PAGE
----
Moreover, in the study intent was only measured when a potential criminal activity was being committed, thus it is uncertain that a person’s mental state when they committed a past crime could be recreated. In addition, these were mock crimes, so one can question the validity of assessing the criminal intentions of someone who is lying in a brain scanner. For a more reliable and ecologically valid reading we will need devices that can monitor our brain 24/7, so that the brains of those individuals suspected of committing an offense could be measured while they commit the act. This takes us to a key issue: mental privacy. The mere thought of someone accessing our minds with the purpose of disclosing attributes we might not want others to know is very troublesome. Imagine then the privacy issues that would arise from having a device that could monitor a wider range of our daily mental lives. In this regard, proponents of cognitive liberty (Sententia 2013) argue that the right of a person to liberty, autonomy, and privacy over their own intellect is situated at the core of what it means to be a free person. Yet for others, the thought of having a device monitoring and perhaps even recording our mental lives is not such a disturbing possibility. For those of you who watch the British television series Black Mirror (Episode 3), you might recall the episode with the memory implant, portraying some of the issues that could arise if such a device were to be available.

There are also various technology issues to consider, such as sensitivity, spatial precision, and false positives (Roskies, 2015). A high accuracy rate for scientific purposes is not always similarly applicable to forensic or civil purposes, in particular in cases where an individual’s civil liberties, and as such their autonomy, might be at stake.

Finally, while the study appeared to support current legal classifications, it is far from certain how different brain states influence people’s behavior. That is, how do we separate intentions from actual actions? We might have an intention to do something that is not according to the law, but we never act on the intention.

Considering all these points, it is clear that brain scans will not be replacing juries anytime soon. Of course, future advances might make worries about mind-reading and constant monitoring of our mental lives more pressing. For now, it is not a bad idea to start engaging in the discussion of the broader ethical and societal impact of neuroscientific research and neurotechnologies on the law and beyond.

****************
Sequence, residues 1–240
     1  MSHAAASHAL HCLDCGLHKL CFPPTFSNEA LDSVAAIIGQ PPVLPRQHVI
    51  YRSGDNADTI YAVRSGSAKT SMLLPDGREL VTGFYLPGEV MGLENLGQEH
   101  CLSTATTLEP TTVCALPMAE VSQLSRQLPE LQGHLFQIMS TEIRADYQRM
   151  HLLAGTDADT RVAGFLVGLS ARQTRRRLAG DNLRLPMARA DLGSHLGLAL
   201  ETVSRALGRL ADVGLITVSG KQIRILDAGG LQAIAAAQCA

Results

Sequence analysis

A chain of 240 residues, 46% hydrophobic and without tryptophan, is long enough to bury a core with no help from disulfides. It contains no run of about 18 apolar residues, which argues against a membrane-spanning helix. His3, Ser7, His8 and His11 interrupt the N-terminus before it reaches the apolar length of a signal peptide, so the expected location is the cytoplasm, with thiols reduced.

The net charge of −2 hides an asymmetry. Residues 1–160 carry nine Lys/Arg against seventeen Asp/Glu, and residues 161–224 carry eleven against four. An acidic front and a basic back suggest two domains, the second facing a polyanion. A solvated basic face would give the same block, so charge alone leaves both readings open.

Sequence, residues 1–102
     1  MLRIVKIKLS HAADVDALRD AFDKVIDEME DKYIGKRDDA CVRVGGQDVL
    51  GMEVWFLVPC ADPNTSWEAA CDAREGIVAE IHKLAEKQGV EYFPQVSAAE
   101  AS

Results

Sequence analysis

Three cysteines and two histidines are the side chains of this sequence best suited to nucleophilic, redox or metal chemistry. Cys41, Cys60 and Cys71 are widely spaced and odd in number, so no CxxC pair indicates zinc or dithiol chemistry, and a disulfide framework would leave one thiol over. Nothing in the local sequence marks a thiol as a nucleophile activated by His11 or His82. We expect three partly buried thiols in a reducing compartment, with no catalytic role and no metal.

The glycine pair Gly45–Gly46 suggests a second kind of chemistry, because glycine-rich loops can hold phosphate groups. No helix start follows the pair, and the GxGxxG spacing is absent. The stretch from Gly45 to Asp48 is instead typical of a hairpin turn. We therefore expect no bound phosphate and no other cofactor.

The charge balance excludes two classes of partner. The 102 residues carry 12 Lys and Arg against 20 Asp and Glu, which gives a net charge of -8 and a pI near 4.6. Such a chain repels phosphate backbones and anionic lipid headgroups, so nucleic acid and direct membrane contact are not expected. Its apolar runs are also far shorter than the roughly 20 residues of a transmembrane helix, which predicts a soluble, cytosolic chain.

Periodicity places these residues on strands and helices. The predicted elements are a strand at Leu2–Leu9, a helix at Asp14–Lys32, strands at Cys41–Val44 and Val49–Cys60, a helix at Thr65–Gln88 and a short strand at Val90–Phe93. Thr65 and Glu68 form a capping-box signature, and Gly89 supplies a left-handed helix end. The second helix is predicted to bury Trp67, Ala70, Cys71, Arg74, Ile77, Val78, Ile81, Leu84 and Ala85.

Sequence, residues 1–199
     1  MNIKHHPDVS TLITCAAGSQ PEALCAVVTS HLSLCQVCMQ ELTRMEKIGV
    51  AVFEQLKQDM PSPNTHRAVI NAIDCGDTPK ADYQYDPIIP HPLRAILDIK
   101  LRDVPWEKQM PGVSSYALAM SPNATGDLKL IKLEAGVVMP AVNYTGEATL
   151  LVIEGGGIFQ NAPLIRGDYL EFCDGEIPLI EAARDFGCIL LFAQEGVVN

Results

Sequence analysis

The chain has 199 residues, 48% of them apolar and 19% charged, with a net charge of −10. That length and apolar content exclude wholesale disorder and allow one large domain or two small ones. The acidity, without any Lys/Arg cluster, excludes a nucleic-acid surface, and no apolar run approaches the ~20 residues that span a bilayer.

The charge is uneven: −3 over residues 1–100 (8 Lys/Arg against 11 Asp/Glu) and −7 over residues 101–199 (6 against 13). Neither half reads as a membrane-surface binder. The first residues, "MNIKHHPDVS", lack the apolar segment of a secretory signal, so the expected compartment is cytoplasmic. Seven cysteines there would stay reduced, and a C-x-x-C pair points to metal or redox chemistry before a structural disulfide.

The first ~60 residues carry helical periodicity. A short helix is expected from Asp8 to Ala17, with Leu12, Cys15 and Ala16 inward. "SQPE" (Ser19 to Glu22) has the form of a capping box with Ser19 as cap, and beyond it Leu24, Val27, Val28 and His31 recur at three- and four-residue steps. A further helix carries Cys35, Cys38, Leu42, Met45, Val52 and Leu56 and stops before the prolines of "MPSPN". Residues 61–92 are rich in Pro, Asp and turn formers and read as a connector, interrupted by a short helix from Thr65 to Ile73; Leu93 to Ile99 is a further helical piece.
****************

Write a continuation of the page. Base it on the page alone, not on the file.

Laura Cabrera photo
Laura Cabrera, PhD, is an Assistant Professor in the Center for Ethics and Humanities in the Life Sciences and the Department of Translational Science & Molecular Medicine at Michigan State University.

Join the discussion! Your comments and responses to this commentary are welcomed. The author will respond to all comments made by Thursday, April 20, 2017. With your participation, we hope to create discussions rich with insights from diverse perspectives.

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More from Dr. Cabrera: Forgetting about fear: A neuroethics perspective

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Dr. Cabrera published in ‘Frontiers in Sociology’

Laura Cabrera photoCenter Assistant Professor Dr. Laura Cabrera has a new article in the open-access journal Frontiers in Sociology, titled “Reframing human enhancement: a population health perspective.”

The article is part of the research topic ELSI in Human Enhancement—ELSI stands for “ethical, legal and social implications.” Dr. Cabrera is a topic editor for ELSI in Human Enhancement, along with Dov Greenbaum of Yale University.

Abstract
The dominant understandings on human enhancement, such as those based on the therapy-enhancement distinction or transhumanist views, have been focused on high technological interventions directly changing biological and physical features of individuals. The individual-based orientation and reductionist approach that dominant views of human enhancement take have undermined the exploration of more inclusive ways to think about human enhancement. In this perspective, I argue that we need to expand our understanding of human enhancement and open a more serious discussion on the type of enhancement interventions that can foster practical improvements for populations. In doing so, lessons from a population health perspective can be incorporated. Under such a perspective, human enhancement focus shifts from changing the biological reality of individuals, to addressing environmental factors that undermine the optimal performance of individuals or that can foster wellness. Such a human enhancement perspective would be consistent with a population health approach, as it pursues more equitable and accessible interventions, on the path to addressing social inequality. Human enhancement does not need to be only about high-technological interventions for a selected group of individuals; rather it should be a continuous project aiming to include everyone and maximize the public benefit.